Considering they could spend as many as five years in prison for their deception, Aziz-Golshani and Melamed will probably think twice before trying this money-making scheme again. But, as SEC officials and law enforcement agencies know, there are plenty of other opportunists who'd be happy to take their place. In these heady days of prosperity and a ballooning stock market, measured, critical financial reasoning strikes some people as cynical and potentially disastrous. (He who hesitates is lost and loses out on that IPO.) That pervasive air of recklessness, combined with the infinite information available to investors, renders the Internet spectacularly ripe ground for speculation and securities fraud. And while the SEC is getting better at tracking down cyber-criminals (this case was wrapped up in less than a month), charlatans will probably have free rein over the Internet (and susceptible users) for many years to come.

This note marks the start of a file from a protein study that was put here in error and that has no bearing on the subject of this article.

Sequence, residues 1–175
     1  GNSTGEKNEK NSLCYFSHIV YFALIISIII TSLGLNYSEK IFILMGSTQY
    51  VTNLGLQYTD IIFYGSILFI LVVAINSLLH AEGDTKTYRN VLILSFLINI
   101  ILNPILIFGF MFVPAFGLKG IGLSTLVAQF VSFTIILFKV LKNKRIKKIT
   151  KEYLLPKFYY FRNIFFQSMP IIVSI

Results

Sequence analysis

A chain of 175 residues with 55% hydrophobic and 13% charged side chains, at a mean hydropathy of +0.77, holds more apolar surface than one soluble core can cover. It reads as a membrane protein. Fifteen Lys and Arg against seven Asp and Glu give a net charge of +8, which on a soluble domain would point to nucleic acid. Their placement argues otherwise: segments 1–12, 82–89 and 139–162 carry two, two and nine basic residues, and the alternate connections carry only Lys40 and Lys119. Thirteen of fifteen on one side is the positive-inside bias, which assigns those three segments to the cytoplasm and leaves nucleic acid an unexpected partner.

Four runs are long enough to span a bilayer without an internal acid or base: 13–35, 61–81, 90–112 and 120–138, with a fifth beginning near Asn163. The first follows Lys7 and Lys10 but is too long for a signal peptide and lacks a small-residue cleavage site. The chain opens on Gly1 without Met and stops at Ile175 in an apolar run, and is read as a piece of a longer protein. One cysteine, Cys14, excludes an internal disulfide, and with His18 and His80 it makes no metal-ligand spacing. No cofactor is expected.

Everything is easier on the Internet, including the once-arduous sport of stock market speculation. Unfortunately for two cyber-hucksters who made a quick $370,000 by circulating false rumors of a corporate takeover, technology has also made it easier for law enforcement officials to catch criminals. Wednesday, federal prosecutors charged Arash Aziz-Golshani and Hootan Melamed, both 23, with conspiracy to commit securities fraud, and the two face civil charges from the SEC as well. It was a stunningly simple plan: One Monday morning, investor chat rooms were abuzz with a tip that NEI, a down-and-out commercial printing company, was about to be snapped up by a prosperous suitor. A feeding frenzy ensued, and in a few hours, NEI stock was driven up from 13 cents to more than $15. Meanwhile, back in Westwood, the two recent college grads sat at a UCLA computer cluster, gleefully calculating their take.